For a popular handgun like the Glock or Sig Sauer, the process is similar: One must purchase the frame separately, and then buy the necessary parts to put it all together. Frames can be bought as firearms-by-definition, already fabricated, or unfabricated, aptly called an 80% frame. These units exist for the most popular makes and models, allowing you to get your hands on the personal defense weapon of your choice, albeit with a little physical labor, but for a much lower total cost.

Being a Responsible Gun Owner

Proper Safety Equipment

Getting your hands on a firearm in the first place is just one aspect of gun ownership. Before you visit a range or pull the trigger with a live round in the chamber for the first time, you should understand the dangers – and necessary safety precautions – that come with responsible firearm ownership. That means investing in appropriate safety equipment (eye protection and hearing protection) and a lockable storage container to keep your firearm out of the wrong hands. 

Most gun ranges won’t even allow you to step onto the firing line without all three of these items presented. The sound of an un-suppressed gunshot is enough to cause permanent hearing damage, and firing any type of gun presents inherent risks to the shooter’s eyes if they’re unprotected. Spent shell casings, blown back gunpowder, and (in rare cases) ricochets can cause permanent vision loss. 

The Four Rules of Firearm Safety

First and foremost, you must master and remember these rules of gun safety at all times. In fact, you should commit these rules to memory before even stepping foot inside a firearm retailer. Not adhering to any of these rules could result in a negligent discharge of a firearm – that’s an unintended live round being fired in an unsafe environment. At best, you’ll likely be jailed if this ever happens. At worst, an innocent life could be taken by accident.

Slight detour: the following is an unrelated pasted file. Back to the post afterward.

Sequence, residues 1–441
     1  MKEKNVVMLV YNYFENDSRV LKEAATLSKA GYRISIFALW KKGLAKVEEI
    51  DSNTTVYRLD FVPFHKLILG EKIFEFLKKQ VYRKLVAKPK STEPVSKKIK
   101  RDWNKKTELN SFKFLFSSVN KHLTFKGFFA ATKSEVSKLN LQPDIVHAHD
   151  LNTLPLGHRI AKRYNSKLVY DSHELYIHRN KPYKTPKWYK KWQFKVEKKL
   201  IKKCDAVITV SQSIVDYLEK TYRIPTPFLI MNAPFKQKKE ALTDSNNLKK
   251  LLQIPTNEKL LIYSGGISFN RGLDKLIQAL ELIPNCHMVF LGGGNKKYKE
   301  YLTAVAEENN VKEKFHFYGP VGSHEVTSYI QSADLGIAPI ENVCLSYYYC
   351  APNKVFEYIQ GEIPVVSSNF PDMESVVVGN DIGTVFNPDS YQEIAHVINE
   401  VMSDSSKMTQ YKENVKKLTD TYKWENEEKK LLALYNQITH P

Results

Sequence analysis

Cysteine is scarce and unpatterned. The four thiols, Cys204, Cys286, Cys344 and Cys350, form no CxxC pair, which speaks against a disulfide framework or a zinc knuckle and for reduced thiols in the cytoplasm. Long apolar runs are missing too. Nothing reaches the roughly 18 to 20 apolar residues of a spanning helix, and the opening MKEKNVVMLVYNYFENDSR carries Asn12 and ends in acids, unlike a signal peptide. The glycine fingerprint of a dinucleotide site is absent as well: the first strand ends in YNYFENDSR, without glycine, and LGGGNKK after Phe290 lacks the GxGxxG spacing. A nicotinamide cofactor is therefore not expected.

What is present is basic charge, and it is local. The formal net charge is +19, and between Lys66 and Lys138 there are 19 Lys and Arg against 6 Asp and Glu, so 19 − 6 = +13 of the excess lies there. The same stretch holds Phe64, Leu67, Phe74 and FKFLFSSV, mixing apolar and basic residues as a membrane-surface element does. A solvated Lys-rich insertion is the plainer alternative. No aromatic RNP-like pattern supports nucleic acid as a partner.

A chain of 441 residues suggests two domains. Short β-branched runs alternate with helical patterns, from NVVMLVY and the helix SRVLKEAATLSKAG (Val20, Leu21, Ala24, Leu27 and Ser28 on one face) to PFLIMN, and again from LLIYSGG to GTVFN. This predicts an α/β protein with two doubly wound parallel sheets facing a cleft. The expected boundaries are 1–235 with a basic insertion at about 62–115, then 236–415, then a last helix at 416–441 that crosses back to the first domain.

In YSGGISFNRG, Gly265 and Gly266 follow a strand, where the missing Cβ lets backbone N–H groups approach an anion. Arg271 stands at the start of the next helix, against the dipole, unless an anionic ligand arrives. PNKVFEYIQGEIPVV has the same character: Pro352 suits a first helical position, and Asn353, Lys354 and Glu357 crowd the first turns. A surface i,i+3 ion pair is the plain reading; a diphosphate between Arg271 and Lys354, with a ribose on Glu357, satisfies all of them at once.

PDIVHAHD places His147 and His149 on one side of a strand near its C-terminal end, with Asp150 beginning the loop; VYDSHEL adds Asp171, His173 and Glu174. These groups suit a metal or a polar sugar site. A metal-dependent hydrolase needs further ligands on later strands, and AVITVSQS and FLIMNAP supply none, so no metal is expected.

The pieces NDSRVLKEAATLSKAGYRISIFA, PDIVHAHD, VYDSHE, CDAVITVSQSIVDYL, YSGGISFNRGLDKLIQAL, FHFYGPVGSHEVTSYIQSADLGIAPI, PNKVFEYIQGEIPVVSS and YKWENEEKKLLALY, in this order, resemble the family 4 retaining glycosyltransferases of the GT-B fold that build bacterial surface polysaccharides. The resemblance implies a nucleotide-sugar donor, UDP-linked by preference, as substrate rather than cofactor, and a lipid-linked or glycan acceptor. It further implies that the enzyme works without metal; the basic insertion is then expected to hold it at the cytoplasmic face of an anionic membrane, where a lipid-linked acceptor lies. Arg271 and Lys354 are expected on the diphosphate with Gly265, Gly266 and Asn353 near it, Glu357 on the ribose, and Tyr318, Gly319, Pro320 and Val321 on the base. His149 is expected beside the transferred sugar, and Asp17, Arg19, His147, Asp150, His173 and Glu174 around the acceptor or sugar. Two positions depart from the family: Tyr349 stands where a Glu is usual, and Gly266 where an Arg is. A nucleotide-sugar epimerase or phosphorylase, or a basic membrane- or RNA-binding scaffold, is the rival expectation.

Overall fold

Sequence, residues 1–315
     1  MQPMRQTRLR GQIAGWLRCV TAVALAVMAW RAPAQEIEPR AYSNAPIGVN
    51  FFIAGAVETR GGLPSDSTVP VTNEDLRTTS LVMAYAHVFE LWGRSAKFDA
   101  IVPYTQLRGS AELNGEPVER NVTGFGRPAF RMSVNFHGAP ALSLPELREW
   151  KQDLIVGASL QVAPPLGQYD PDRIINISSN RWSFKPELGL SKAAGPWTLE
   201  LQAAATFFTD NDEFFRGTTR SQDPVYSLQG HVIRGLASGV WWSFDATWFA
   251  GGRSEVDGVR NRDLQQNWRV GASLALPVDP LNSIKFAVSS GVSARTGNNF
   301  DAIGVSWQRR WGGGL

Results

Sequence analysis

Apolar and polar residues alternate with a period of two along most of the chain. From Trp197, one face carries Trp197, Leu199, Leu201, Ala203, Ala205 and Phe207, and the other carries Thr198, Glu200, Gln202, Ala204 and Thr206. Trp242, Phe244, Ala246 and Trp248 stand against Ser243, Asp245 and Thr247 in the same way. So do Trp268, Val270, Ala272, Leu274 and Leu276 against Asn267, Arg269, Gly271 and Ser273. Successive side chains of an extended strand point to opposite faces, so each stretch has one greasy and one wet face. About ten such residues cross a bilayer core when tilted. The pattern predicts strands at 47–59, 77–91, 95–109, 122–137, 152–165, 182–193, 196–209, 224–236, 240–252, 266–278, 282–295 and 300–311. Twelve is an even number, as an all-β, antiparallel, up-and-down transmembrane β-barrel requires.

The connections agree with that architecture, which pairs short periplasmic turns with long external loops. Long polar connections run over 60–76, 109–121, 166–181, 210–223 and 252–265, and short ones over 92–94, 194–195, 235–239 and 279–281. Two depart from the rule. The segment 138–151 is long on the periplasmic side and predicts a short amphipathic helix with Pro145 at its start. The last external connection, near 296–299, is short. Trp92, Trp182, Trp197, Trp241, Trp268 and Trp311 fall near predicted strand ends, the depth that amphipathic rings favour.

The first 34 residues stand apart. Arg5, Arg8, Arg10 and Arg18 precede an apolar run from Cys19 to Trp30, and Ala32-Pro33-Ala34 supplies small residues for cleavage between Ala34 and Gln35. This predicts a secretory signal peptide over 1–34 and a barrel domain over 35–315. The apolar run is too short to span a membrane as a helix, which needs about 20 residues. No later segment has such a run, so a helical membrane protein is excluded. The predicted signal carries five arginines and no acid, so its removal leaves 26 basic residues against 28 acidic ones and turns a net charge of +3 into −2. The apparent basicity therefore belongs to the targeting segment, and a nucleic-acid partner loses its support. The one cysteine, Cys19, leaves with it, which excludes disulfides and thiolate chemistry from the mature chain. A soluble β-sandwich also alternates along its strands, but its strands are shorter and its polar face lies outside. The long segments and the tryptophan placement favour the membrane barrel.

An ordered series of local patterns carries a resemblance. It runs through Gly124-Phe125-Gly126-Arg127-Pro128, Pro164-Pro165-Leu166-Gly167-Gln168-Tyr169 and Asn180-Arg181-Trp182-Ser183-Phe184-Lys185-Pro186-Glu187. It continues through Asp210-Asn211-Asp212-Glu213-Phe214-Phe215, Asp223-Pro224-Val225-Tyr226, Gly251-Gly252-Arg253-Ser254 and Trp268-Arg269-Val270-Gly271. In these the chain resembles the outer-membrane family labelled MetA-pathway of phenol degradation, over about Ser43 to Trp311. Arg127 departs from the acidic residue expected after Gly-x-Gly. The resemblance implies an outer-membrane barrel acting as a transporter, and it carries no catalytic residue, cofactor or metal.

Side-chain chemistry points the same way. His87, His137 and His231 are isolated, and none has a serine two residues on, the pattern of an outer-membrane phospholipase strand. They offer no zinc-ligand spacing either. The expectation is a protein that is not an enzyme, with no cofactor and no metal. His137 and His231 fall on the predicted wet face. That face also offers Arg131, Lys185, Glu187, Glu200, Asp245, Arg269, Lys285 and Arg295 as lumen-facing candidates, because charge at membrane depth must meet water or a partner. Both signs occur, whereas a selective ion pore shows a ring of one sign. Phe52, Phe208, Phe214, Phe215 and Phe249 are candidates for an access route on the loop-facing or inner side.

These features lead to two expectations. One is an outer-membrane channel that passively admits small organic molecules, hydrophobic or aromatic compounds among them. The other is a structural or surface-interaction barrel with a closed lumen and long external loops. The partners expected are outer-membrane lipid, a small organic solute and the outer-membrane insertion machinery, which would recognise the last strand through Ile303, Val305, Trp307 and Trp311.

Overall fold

1. Keep the firearm always pointed in a safe direction.

“Down, no matter what” is a safe bet. Never point a firearm’s muzzle in any lateral direction. That means never aim it at anything in front, behind, above, or to the sides of your person. Aiming the muzzle vertically is usually acceptable, but not ideal: A bullet inadvertently fired in the air can retain its arc and velocity, remaining lethal on the way down. A round that gets discharged into the ground can’t do much harm. If you inspect and handle a firearm in a gun store, keep it pointed downward.

  1. Treat every gun as if it is always loaded.

This is simply extra insurance against having a negligent discharge. Even if you think a firearm is empty, it does you no good to assume so. Even after inspecting a weapon and clearing its firing chamber, treat it as if it’s loaded. This enforces good safety discipline over time, and it will prevent any negligent discharge if a weapon is ever accidentally loaded during handling.

  1. Know your target and everything behind it.

This applies to both target shooting and a self-defense scenario. You cannot simply confirm your target and fire. You must know that nothing is behind your target that can be damaged, harmed, or killed. Even small-caliber firearms can penetrate most walls and hard surfaces. Even when you’re at a gun range, confirm no collateral damage will result when you take a shot.

  1. Keep your finger off the trigger until you’re ready to shoot.

This provides yet another layer of protection against inadvertently setting a live round off. Other shooters will judge you by your discipline and adherence to these rules. Review any video or photo of a shooter, and if their finger is on the trigger, you can rest assured you’ll find a plethora of comments calling out this behavior. 

With these safety rules in mind, you’ll be better equipped to handle your first firearm. Whether you’re at the gun store, building your first shooter, or visiting the range for the first, commit to these rules and always bring the proper equipment. Before you purchase your first firearm, review them in-person. Visit a local dealer and get a feel for their functionality and weight. Don’t be afraid to test out different models with rentals at a gun range. These best practices and tips will help make the process of becoming a gun owner much safer and less intimidating.